Asking The Right Questions On Your Path To Job Satisfaction
Work-related stress is one of the most common causes of burnout. It is estimated that approximately one-third of working adults deal with some effects of professional exhaustion and dissatisfaction. Often, these cause symptoms such as lethargy, cynicism, and depression.
So if you’re feeling tired and unsatisfied at work, or asking yourself why you are where you are, it may be the right time to take a step back and assess your situation. By asking key questions regularly, you can prevent work-related stress and its consequences.
What is my professional purpose and mission?
One of the leading causes of burnout is a discrepancy between one’s core personal values and the job at hand.
First and foremost, you need to determine the things that you find important in your professional life. These can consist of anything. Some people find that the most important thing they get out of work is monetary compensation. Others will want a job that leaves them enough time to spend at home, doing the things they love. Some people want to travel for work, and others want to do something meaningful that helps them shape their community.
Once you’ve pinpointed your core values, you can go on to consider whether your career is in line with this purpose you’ve set out for yourself. If what you want is different from what you can get at your place of work, it’s not a bad idea to consider a career change.
Are my responsibilities causing burnout?
Sometimes, the line between task-based stress and burnout is blurred. Simple stress is caused by common problems such as facing a tight deadline. However, if you are constantly in a state of anxiety, dreading going to work or facing your teammates, something bigger might be up.
The demands put on employees are often the cause of excess strain. This is especially true for managers and team leaders, who are responsible for meeting expectations in terms of revenue or productivity. Do you find yourself in charge of things beyond your control? Are you being asked to deal with issues in a way that’s contrary to your internal value system? Are you able to assertively say NO to things that are far beyond your job scope?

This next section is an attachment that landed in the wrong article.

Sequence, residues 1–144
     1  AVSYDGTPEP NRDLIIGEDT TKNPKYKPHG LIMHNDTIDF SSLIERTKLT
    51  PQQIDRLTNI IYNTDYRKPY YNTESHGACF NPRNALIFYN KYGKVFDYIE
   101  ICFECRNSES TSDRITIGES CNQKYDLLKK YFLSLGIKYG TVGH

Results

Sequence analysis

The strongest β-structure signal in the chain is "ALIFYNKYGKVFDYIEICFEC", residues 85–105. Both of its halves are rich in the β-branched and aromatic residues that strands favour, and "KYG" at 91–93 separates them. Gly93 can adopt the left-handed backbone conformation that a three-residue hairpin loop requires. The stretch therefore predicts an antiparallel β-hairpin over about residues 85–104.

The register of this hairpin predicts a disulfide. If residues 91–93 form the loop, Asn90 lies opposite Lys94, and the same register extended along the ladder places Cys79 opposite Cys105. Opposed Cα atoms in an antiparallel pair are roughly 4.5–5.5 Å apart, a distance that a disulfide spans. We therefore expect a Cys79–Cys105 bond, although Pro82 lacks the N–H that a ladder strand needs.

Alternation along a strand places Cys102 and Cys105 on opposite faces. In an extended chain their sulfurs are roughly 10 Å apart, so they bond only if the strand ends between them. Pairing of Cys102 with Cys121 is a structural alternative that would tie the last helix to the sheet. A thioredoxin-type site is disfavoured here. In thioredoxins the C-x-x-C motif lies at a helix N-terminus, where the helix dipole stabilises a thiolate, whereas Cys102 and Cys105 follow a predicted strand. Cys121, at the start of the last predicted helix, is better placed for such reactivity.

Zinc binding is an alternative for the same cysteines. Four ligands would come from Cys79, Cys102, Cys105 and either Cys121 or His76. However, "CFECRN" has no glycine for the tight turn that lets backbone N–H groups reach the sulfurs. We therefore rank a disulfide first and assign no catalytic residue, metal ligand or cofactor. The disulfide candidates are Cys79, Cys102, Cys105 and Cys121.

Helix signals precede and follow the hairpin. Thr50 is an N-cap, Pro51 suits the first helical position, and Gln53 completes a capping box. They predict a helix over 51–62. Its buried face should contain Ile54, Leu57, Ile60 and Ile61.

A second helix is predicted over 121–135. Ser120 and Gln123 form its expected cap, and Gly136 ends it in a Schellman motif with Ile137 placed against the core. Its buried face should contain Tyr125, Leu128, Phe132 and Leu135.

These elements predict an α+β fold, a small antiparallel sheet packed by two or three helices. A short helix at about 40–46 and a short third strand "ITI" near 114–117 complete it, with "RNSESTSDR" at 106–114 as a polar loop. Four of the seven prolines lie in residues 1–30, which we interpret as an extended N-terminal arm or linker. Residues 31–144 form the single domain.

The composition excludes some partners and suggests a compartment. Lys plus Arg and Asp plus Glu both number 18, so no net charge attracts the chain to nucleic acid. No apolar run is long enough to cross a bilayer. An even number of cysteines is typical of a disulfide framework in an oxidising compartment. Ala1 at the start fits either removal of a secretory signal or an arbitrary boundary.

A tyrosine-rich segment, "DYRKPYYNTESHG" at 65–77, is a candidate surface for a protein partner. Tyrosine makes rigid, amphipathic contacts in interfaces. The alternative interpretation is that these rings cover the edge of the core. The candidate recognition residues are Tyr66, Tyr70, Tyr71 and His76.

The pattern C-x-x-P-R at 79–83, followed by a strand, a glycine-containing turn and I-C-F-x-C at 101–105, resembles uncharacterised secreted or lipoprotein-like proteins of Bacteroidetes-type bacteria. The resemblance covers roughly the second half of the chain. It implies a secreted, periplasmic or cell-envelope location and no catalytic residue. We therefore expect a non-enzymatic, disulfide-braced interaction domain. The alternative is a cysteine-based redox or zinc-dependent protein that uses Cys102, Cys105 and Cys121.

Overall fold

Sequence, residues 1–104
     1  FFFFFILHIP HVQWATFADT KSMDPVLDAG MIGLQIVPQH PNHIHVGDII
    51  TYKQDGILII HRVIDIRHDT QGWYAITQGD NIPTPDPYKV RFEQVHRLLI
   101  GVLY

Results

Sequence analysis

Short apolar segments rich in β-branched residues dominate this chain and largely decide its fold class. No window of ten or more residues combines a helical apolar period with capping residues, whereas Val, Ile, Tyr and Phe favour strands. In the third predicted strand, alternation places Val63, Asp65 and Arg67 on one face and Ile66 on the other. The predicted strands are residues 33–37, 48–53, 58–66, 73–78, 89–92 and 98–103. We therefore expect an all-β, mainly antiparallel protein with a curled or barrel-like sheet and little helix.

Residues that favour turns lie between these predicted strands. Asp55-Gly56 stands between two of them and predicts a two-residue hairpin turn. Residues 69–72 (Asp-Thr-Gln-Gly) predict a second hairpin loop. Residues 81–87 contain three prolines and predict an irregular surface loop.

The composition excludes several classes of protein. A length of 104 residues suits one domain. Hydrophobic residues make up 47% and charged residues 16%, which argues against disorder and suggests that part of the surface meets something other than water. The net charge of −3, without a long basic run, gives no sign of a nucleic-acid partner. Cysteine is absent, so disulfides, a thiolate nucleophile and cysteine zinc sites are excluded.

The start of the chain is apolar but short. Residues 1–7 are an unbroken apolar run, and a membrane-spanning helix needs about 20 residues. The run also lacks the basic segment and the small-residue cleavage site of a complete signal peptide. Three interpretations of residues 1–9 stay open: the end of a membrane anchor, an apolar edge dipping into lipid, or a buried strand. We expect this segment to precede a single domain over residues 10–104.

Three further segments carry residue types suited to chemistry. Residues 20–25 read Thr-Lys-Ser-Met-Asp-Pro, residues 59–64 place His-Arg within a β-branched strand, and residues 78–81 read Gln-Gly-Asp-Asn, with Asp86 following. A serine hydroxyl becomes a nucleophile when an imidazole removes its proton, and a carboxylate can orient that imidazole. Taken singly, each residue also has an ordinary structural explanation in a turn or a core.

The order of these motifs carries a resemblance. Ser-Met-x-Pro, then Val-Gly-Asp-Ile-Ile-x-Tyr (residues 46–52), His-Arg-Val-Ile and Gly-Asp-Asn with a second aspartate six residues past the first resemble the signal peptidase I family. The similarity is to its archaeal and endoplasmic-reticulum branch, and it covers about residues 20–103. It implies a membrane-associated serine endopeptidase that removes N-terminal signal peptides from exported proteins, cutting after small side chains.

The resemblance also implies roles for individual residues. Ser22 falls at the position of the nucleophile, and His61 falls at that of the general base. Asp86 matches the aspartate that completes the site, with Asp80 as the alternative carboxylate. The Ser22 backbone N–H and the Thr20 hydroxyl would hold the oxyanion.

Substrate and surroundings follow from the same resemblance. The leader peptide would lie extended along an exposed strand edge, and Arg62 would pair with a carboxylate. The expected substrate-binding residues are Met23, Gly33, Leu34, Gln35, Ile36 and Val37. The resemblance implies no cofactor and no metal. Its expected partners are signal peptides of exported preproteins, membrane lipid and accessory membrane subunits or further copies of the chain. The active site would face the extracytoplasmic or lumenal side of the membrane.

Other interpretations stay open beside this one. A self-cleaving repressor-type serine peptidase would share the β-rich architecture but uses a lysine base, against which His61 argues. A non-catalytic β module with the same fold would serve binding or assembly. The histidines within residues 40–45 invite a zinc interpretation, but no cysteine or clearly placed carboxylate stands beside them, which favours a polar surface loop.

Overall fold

If this is the case for you, a conversation with your employer might be in line. To ensure a healthy work environment, it’s important that you present these issues with the goal of working them out.
It’s also very likely that at least a part of these expectations comes from within. Is your drive to be efficient or responsible over-engaged? Maybe you are an overachiever and are pushing yourself too hard? If you find that the cause for your burnout is internal, you need to have an honest talk with yourself.
How does my work environment affect me?
There’s one more thing you shouldn’t forget. The structure and culture of your workplace are also crucial factors that might be contributing to professional fatigue and dissatisfaction. Simple things such as your working hours will reflect the structure. For example, if you have no influence over your schedule, you will be more likely to feel burdened. It is also reflected in the hierarchy, reporting lines, job responsibility matrix, etc. If these aspects are not in line with your preferences or the way you function they could be the source of daily frustration.
But there’s something even more important and it concerns your co-workers. Structure and quality of communication create an organizational culture which is the daily life within the company. That is, the way things are done at your workplace. So, do you have an open and honest relationship? Do you receive enough support from your team? How is your communication? Are your employers concerned about your personal and professional wellbeing? These are things that you may need to work on, together with your coworkers. If you find that a healthy company culture is impossible to achieve at your place of work, it might be time to move on.